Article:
Exploring in the outdoor classroom

by Deborah J. Stewart, M.Ed. on April 17, 2012

in Children's Studio, Classroom Setup, Outdoor Classroom, Outdoor Classroom

One of the best things about my preschool is when we get to open back up the outdoor classroom.  Because there is no heat in the outdoor classroom, we can only use it during warm weather but we took a day last week to sneak out there and give it a go…

The outdoor classroom is basically a screened in porch on our property. It sits off by itself and has wooden floors and large screened in windows all the way around…

The outdoor classroom is primarily used for science, nature, and sensory play. When it comes to sand and water, clean-up time is a little easier out here then it is in our indoor classroom because most of the sand can be swept through the slats on the floor and the water can drain through the slats on the floor as well.  As a general rule, we do not bring food items out to the outdoor classroom but we do bring out many other kinds of materials….

The main pieces of equipment kept at all times in the outdoor classroom include a water/sensory table, a window easel, a painting/chalkboard easel, a sand/tinker table and several small sets of tables and chairs. The room is set up into centers so the children can freely move about and choose what interests them during our time in the outdoor classroom…

I use the tables to change up activities we can do outdoors. For example, we may set up one table as a playdough center but on another day, we will change it to a colored sand center…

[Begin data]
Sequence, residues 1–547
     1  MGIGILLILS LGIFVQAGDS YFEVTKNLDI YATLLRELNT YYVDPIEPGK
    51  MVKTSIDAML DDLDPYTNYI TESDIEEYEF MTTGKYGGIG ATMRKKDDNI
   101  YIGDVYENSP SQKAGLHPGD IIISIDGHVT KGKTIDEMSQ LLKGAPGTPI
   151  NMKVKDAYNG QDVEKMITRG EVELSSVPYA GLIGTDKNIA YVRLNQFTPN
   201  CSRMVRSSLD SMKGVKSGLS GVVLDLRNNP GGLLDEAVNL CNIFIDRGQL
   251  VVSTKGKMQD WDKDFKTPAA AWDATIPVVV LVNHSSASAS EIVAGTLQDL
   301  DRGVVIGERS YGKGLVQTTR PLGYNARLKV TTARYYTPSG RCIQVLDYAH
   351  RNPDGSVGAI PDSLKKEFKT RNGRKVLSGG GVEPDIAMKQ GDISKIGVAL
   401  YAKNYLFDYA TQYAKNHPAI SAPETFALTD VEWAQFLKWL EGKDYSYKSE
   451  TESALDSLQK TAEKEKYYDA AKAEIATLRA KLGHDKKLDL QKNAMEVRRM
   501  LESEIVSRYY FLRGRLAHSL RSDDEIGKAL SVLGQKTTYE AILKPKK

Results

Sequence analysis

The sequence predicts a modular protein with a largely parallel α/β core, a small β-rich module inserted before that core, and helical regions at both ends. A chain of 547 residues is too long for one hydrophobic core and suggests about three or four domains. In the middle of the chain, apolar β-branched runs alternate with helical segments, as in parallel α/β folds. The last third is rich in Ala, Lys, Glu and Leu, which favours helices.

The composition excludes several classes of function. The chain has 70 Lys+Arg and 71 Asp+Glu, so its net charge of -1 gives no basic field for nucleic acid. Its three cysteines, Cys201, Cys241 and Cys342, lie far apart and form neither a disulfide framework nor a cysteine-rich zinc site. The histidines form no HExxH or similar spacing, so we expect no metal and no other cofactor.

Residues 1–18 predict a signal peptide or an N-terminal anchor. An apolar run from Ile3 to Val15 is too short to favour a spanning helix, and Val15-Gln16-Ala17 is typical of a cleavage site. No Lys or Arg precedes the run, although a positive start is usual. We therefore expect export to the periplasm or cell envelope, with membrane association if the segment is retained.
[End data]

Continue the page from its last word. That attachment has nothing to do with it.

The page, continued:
I also switch out what is in each of the sensory tables very often. How often depends on the overall planning I have in mind for any given week. Today, the children found seashells buried down in the sand and spent time digging them up…

In the water table, the children explored a new kind of water bead (at least new to us) which I will share more about on another day…

I also change up the easels very often – almost daily. The children may find paint, chalk, crayons, markers, shave cream, sponges, and any thing else I can think of set up at the easels.  I want to keep the children coming back to explore the easels as often as I can…

The children are given time to choose where they want to play and they can rotate from one area to the next as they wish. Sometimes you will find a child enjoying a moment alone in an area…

And other times, you will find the entire class all hovering around one activity. I have learned not to worry when the children get to crowded because it doesn’t take long for a few of the children to decide they would rather just find something else to do and come back later. The children have learned to regulate their own time and their own choices extremely well throughout this school year…

But part of helping children to develop that ability to self-regulate is understanding how the classroom time and set-up is managed.  The children need to trust that they will have time to come back and visit a center or they will be upset that they missed out or highly stressed that they might miss out. Even if we have to stay a little longer than originally planned, I make sure the children have had the opportunity to explore every center that was important to them that day…

I also make sure that each of the centers are equally inviting (to the best I can).  What I mean by “equally inviting” is that each center is set up to be different but as equally interesting and engaging as the other (where possible). If only one center looked really cool and fun then the children would tend to all gravitate to that center alone and ignore the others which creates stress.  So I make sure that each center has its own appeal to spark their interest and will allow them plenty of freedom to explore in a way that will interest them….